Investment Advisor- A financial professional that recommends specific investment strategies or decisions to their clients. Professionals within certain asset management categories are usually obligated to register with the Securities and Exchange Commission, and operate on fiduciary duty.
Wealth Advisor- These professionals provide the same types of services as financial planners, however they tend to work exclusively with high net worth individuals or households to navigate concerns or money management questions specific to someone with wealth or financial assets. This could include things like setting up endowments in their name, plan for tax obligations, and provide advice or strategic planning to ensure continued wealth growth.
Where does Personal Finance @ Duke fall within this scope of professionals?
The staff in the Office of Student Loans and Personal Finance aligns most closely with professionals serving as financial counselors- our team aims to provide educational information and a space for reflection to allow members of the Duke community with questions around loans and money management a supportive environment to address their concerns and create an action plan to foster their financial well-being.
When might it make sense to seek out a financial professional beyond the services provided by Personal Finance @ Duke?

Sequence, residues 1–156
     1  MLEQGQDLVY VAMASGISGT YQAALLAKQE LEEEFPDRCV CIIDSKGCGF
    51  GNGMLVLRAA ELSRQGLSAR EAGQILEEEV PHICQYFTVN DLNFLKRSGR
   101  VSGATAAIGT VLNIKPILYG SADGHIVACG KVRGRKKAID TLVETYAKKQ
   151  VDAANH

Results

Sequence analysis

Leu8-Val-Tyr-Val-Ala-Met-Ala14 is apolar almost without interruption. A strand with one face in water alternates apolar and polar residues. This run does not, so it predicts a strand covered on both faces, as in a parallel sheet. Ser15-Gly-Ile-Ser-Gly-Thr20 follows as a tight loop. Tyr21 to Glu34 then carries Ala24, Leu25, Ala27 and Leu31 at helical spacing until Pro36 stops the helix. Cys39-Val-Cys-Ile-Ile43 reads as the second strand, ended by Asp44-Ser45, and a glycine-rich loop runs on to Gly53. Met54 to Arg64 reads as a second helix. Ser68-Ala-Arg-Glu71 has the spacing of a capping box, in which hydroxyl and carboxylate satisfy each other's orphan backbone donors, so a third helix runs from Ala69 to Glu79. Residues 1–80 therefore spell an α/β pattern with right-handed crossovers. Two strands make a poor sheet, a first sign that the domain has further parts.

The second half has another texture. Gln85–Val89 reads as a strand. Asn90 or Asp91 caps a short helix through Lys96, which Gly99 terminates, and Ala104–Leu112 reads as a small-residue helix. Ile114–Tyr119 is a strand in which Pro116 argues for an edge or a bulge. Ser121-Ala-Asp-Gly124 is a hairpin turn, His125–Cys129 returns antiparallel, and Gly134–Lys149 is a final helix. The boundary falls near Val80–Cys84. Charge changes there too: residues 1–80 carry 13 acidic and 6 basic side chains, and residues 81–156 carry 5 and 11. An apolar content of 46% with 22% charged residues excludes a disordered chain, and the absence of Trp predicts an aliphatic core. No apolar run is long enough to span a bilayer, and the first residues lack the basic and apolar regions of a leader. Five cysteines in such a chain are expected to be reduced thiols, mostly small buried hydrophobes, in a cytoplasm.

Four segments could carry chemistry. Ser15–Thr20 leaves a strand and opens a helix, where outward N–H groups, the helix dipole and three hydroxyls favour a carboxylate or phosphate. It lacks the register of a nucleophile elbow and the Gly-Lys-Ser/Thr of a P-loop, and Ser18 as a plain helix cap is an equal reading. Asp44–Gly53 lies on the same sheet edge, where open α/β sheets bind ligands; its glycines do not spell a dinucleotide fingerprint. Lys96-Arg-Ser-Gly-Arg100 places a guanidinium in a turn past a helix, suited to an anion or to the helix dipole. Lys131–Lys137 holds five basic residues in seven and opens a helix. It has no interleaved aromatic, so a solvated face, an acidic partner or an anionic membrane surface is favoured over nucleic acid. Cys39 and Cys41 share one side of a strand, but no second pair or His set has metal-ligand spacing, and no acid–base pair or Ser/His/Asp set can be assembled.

The staff in the Office of Student Loans and Personal Finance serves first and foremost in an educational capacity. Due to constraints in professional scope, financial professionals outside of the Office of Student Loans and Personal Finance may need to be sought out under the following instances and circumstances:
- Assisting with the filing process of federal and state income taxes
- Strategizing investment choices
- Planning for retirement
- Creating long-term saving strategies
- Formulating significant debt management and/or credit rebuilding plans
For individuals with complex financial situations, significant financial assets, or in need of long-term assistance, it is likely to be more appropriate to seek out the services of a financial professional.
Just be sure to verify the legitimacy and confirm necessary credentials of professionals you hope to work with. The following agencies can be used to ensure the professionals you are working with are trustworthy and can perform the services they promote:
Additional Protection & Insurance Resources
Learn the Lingo- Commonly Used Insurance Terms
Understanding insurance and how it is utilized in protecting your assets is definitely confusing at times, in part because of the jargon that is used throughout the insurance industry. Read through some of the most commonly used insurance terms to increase your knowledge and become better prepared in the event you ever have to file a claim and actually use your insurance.